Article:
As we approached, we both realized that deflecting off my nose, jarred my shot to the right, and instead of hitting the deer in the kill zone, where I was aiming, I shot it in the neck. As I took aim with my rifle at close range to dispatch the young antlerless, Josh filmed me; which is how we learned that my face had been consistently too close to the scope and, and as I fired one last time, the scope came back slamming into my face, making me rock on my heels. Upon getting up to the deer, Josh and I realized that it was a button buck, with knobs protruding barely a quarter of an inch from the deer’s skull.

We finished field dressing Buttons, as I named him, and began dragging him out as huntset came. Josh wanted to take me back out Sunday morning to try again, still searching for a trophy buck (keep in mind, a trophy buck to me is anything with actual antlers); and we went out for a couple hours until the hunt was stopped dead by a flat tire on Josh’s truck. And apparently, GM/Chevy went out of their way to make dropping the spare as agonizing and time consuming as possible. By the time the tire was changed, I requested that we end all hunt activities and, instead, return to Josh’s place where Buttons was hanging around in the shed so Josh could show me how to fully dress down a deer. It was a great learning experience; and I was able to take home meat the way I wanted to, instead of ending up with over 50% of my harvest as ground meat, as when the processing plant does it. I even got to bring home venison ribs, which the meat locker refused in the past to give me, “because there isn’t enough meat on them,” and have since quite enjoyed tasty Buttons ribs!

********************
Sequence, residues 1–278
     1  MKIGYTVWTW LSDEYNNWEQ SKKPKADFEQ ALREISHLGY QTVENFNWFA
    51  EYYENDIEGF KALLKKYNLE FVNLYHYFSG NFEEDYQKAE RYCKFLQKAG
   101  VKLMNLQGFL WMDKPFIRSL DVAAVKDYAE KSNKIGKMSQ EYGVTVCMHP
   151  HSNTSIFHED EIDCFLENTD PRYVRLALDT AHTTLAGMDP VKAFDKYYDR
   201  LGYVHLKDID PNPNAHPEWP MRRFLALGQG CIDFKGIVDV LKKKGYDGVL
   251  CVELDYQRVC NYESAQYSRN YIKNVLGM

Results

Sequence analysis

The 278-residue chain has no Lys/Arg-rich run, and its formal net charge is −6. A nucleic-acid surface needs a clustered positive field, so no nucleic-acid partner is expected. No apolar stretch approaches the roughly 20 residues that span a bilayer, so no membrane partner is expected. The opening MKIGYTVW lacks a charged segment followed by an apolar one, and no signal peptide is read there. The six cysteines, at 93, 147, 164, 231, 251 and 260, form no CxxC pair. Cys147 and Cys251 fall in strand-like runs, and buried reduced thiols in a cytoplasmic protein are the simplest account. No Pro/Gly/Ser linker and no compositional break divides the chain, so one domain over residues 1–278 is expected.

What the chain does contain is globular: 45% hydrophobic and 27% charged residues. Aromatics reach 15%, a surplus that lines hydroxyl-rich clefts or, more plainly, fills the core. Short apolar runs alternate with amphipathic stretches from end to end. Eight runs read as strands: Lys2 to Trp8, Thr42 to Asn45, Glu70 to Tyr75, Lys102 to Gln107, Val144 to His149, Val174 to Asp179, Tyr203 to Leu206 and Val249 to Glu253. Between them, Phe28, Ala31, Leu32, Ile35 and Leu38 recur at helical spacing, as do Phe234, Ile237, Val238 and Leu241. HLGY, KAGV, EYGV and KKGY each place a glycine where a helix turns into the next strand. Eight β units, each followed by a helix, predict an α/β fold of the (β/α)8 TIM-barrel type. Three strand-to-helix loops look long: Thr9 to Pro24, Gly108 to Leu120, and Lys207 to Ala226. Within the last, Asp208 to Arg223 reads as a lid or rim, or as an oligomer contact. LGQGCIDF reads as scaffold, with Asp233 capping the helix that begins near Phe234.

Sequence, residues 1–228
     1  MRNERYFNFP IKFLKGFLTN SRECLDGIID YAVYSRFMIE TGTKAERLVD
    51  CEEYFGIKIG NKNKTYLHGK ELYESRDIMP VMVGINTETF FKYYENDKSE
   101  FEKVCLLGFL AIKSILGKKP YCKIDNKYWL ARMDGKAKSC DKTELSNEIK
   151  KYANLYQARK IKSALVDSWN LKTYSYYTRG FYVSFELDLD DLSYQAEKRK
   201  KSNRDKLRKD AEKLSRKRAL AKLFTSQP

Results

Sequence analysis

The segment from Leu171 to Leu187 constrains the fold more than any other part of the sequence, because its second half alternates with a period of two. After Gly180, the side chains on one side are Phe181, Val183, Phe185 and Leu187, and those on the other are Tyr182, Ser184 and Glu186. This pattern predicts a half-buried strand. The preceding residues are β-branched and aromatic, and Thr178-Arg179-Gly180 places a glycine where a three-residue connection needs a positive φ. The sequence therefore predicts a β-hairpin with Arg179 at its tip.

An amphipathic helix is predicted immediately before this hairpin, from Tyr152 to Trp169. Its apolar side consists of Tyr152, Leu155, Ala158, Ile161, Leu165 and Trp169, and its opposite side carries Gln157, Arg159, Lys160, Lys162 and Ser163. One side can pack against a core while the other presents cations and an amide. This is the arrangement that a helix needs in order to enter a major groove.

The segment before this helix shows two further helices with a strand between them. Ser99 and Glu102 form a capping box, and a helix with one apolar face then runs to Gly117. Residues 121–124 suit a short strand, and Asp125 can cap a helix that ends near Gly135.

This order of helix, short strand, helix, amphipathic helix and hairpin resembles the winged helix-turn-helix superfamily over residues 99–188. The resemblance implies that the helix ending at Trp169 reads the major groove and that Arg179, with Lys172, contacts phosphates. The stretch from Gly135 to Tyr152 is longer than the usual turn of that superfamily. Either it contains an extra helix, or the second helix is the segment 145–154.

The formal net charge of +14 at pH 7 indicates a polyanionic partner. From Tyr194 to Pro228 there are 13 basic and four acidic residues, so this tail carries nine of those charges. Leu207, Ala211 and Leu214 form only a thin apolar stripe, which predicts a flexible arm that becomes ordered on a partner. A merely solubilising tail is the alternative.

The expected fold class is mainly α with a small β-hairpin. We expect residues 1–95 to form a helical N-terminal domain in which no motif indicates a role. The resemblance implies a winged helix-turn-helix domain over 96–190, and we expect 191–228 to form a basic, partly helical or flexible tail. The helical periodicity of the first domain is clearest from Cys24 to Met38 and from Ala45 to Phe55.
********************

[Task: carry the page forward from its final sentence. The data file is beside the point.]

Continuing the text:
Driving the two hours home, with coolers full of venison, I mused that G-d saw fit to answer my prayers in the most unexpected way. I had prayed to finally harvest a buck this year, and though my mind’s eye saw a 6-point or better, I did manage to harvest my first ever buck in the form of a button buck, which counts as an antlerless deer. None the less, upon field dressing Buttons, Josh and I did have to remove his tiny testicles; thus, demonstrating that prayers are answered, but not always in the same way the prayerful is intending. When Josh was showing me how to butcher the deer, he mused that I should keep the skull and do a European mount, to hang beside my future bucks as proof of my first-ever buck. I realized that if I didn’t, I’d come to regret it; so, Button’s skull remains frozen in my meat freezer waiting for the day I have my own yard and can bury the skull for a natural cleaning.